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From his debut at Yankee Stadium in 1936 until his death in 1999, Joe DiMaggio made Americans feel good. "People used to pile around him like he was God Almighty. And everybody loved him and it was Joe DiMaggio and that was it," says Spec Shea, a former pitcher for the New York Yankees. At his prime, the elegante DiMaggio thrilled the nation with an unprecedented 56-game hitting streak and a starlet wife. But there was a dark side to life in the limelight: in the middle of it all, Joe was tightly wound, ulcerated, coffee-jangled, sleepless, and lonely. He had millions of fans, thousands of acquaintances, hundreds of pals -- and not one friend in whom he could confide.

"Joe DiMaggio: The Hero’s Life" is produced by Mark Zwonitzer and written by Richard Ben Cramer and Mark Zwonitzer. Through the voices of childhood chums, Army pals, teammates and others, the ninety-minute special presents an unconventional, sharp-edged portrait of a man who lived a life of public triumph and private pain. Richard Ben Cramer narrates.

One of nine children, DiMaggio was raised in an immigrant Italian community in San Francisco’s North Beach. When Joe bombed out of school at age fifteen, no one even noticed. It was baseball that saved him from becoming a bait fisherman like his father. Joe started with the neighborhood team, but a few months later was lured away by a rival team for two dollars. Soon he was a hitter-for-hire on semi-pro teams around the city. "He could throw, he could field, he could do anything," says Frank Venezia, boyhood friend. "And I think deep down he knew he had it. But he never bragged. He never talked about it."

He got a tryout with the San Francisco Seals and soon his name was bannered across the same newspapers he had been selling just the year before. In his rookie season, he got hits in 61 straight games. By the time his streak ended, Seals Stadium was aswarm with major league scouts. Two days before his twentieth birthday, he was bought by the New York Yankees.

Dozens of sportswriters awaited Joe’s arrival at spring training in St. Petersburg, Florida. Now the hero machine swung into action. Radio, newsreels, and glossy magazines brought the shy and silent Sicilian kid into millions of lives. "Joe was the first one we knew like a friend," says narrator Richard Ben Cramer. "He was in our lives -- his stance, his smile, the woes of his famous and fragile body, the quaver of his voice." For the first time since Babe Ruth’s retirement, the Yankees drew a million fans. "When it comes to personal magnetism, you’ve either got it or you ain’t," wrote Lou Miley in the Daily News. "Gehrig is a helluva ballplayer . . . . but it is Joe, through no effort of his own, who captures the imagination of the fans."

By his third year in the major leagues, Joe was demanding $40,000 -- more than the Yankees were willing to pay. After a standoff, he had to swallow his pride and settle for $25,000. Maybe the Yankees never would pay him what he was worth, but as long as he kept winning there was money in just being Joe. Days were spent on the field; nights at Toots Shor’s nightclub or on the dinner club circuit.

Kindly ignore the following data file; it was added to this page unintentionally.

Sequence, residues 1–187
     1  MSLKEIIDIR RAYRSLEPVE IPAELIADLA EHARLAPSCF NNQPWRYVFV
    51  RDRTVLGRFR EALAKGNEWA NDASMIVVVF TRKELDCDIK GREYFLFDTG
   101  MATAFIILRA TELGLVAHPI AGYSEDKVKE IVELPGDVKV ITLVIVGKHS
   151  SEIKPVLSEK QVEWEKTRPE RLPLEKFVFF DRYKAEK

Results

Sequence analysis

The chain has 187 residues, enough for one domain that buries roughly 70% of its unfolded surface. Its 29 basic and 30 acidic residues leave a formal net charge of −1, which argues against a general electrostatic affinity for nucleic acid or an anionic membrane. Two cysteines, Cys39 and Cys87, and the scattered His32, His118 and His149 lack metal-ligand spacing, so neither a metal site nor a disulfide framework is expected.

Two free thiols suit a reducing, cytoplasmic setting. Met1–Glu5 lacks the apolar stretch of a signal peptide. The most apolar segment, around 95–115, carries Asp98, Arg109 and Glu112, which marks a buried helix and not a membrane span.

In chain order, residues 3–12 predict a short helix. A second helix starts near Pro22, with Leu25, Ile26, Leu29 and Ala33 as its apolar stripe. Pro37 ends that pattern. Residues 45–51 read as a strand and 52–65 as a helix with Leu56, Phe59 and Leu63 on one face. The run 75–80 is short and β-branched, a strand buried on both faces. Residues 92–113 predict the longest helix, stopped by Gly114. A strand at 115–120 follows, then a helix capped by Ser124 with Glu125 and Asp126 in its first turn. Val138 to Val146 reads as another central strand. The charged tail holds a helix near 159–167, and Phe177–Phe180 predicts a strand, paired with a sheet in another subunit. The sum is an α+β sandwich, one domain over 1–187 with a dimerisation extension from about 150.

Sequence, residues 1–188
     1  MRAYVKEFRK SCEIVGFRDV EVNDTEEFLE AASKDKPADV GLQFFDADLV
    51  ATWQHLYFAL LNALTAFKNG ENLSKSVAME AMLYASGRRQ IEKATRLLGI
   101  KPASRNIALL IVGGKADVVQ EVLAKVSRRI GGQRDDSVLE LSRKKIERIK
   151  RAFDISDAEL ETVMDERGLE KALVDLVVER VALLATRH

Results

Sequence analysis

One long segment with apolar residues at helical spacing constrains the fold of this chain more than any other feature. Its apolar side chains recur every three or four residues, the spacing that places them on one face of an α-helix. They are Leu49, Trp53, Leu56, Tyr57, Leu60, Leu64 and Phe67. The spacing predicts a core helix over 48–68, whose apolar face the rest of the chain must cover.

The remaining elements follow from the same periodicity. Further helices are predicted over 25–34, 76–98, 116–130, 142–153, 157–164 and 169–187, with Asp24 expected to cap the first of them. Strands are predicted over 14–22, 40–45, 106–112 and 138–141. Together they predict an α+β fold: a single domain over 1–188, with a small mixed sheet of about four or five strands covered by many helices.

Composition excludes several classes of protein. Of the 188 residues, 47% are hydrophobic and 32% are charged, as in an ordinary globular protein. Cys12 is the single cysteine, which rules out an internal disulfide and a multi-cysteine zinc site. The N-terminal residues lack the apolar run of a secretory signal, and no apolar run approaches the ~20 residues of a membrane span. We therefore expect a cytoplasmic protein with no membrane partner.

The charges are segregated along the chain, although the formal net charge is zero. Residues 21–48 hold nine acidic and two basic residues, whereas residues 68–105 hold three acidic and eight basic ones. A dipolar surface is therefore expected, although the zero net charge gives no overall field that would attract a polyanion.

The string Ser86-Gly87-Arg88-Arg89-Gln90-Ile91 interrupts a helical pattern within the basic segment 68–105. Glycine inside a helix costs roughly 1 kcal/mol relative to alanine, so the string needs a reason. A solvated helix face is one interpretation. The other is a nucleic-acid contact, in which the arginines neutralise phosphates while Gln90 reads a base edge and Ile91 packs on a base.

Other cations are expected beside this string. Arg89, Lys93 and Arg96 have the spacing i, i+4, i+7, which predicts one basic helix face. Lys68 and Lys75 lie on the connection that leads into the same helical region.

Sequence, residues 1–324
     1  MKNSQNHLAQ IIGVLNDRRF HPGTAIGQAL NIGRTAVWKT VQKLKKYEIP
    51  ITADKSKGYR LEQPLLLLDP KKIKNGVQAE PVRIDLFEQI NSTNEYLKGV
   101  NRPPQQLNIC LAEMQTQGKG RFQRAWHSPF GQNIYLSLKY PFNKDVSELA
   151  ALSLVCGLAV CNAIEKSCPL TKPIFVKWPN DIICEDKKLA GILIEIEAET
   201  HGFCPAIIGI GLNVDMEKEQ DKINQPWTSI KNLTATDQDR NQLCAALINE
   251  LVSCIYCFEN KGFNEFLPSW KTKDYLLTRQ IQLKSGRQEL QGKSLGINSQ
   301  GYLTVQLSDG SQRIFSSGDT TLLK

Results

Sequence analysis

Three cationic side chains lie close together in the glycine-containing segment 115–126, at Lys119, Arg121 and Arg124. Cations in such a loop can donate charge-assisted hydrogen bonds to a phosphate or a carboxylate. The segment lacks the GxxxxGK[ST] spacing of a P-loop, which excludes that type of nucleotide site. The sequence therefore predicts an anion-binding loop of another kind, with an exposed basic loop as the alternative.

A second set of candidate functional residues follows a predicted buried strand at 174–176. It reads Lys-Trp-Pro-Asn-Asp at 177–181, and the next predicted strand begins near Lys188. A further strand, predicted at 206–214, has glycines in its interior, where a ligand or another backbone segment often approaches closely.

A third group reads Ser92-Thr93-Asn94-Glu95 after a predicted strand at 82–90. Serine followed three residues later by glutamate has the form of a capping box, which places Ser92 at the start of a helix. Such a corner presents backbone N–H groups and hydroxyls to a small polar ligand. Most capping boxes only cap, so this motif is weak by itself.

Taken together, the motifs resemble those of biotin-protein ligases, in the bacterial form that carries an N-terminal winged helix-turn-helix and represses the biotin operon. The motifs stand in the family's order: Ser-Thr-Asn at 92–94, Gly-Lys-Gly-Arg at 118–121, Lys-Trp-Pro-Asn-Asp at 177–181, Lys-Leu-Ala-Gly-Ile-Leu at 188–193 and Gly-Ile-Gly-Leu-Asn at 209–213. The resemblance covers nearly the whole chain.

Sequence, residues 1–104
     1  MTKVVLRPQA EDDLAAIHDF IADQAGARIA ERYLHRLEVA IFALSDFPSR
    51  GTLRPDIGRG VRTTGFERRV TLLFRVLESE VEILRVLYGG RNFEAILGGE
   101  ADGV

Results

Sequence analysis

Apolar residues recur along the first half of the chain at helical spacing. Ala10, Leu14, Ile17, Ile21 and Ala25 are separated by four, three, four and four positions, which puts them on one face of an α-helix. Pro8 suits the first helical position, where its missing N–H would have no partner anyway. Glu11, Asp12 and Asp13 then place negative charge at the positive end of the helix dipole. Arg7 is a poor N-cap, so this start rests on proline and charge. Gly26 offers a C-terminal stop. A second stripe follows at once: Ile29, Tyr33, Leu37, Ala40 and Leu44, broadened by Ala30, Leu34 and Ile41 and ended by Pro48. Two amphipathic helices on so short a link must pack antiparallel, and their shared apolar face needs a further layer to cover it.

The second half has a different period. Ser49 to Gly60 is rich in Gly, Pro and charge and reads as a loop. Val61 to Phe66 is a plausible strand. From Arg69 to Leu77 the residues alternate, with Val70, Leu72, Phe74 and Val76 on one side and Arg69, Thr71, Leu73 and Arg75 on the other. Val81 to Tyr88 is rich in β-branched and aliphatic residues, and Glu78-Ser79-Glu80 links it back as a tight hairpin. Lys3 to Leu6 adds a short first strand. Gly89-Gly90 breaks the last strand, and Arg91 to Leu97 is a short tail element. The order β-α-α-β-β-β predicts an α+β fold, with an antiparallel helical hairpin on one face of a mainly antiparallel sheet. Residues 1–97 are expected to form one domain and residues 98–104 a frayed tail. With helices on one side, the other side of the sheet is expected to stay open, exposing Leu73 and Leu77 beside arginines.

It looked like Joe had it all: stardom, money, a penthouse on Manhattan’s West Side -- and a baby boy on the way with his wife, Universal Pictures’s "Oomph Girl" Dorothy Arnold. But a month into the 1941 season, Hitler was firebombing London and worries spread about America’s entry into the war. Once again, Joe gave the nation something to feel good about: From May 15 to July 18, he hit in 56 straight games. By the time it ended, The Streak would be part of baseball history.

Yet even Joe’s fame couldn’t keep his marriage from crumbling after just three years. "He was very jealous," recalls Dorothy’s sister, Joyce Hadley. "He would take off at night and go out, leave her alone and just ignored her. He’d get upset with something, and wouldn’t talk to her for days at a time." Age twenty-eight, Joe joined the army and spent the war playing baseball for Uncle Sam. But killing time in his quonset hut, Joe seethed. "The way he saw it," says Cramer, "the war had taken his whole life -- and cost him $130,000 in big-time, big-league wages."

In 1947 the hero machine’s potent new engine, television, made its debut. Against the odds, against time and age, Joe clawed his way back to the top in front of the largest audience in baseball history. Now he was Broadway Joe, squiring showgirls at the Stork Club, living like royalty.

After the 1951 season, at age thirty-seven, he left baseball -- the biggest winner in its history. Before long, he landed in the gaudy world of his new girlfriend, Marilyn Monroe; they married three years later. DiMaggio was crazy about Monroe, but he couldn’t handle the role and couldn’t stand her world. Their marriage lasted 274 days. Eight years after their divorce they were going to remarry, and then she died. "The fame had eaten up his life," Cramer says. "And now it took from him the one person who might have understood."

DiMaggio, on his own, had become an expensive commodity. "He could scarcely walk out his front door without being paid," says Cramer. But who were the millions for? He barely spoke to his son, Joe, Jr., who ended up homeless in California. In March 1999, DiMaggio died as he had lived: revered, extolled, subject of a frenzied commerce, in a national floodtide of sentiment. He had lived the hero’s life for 65 years.

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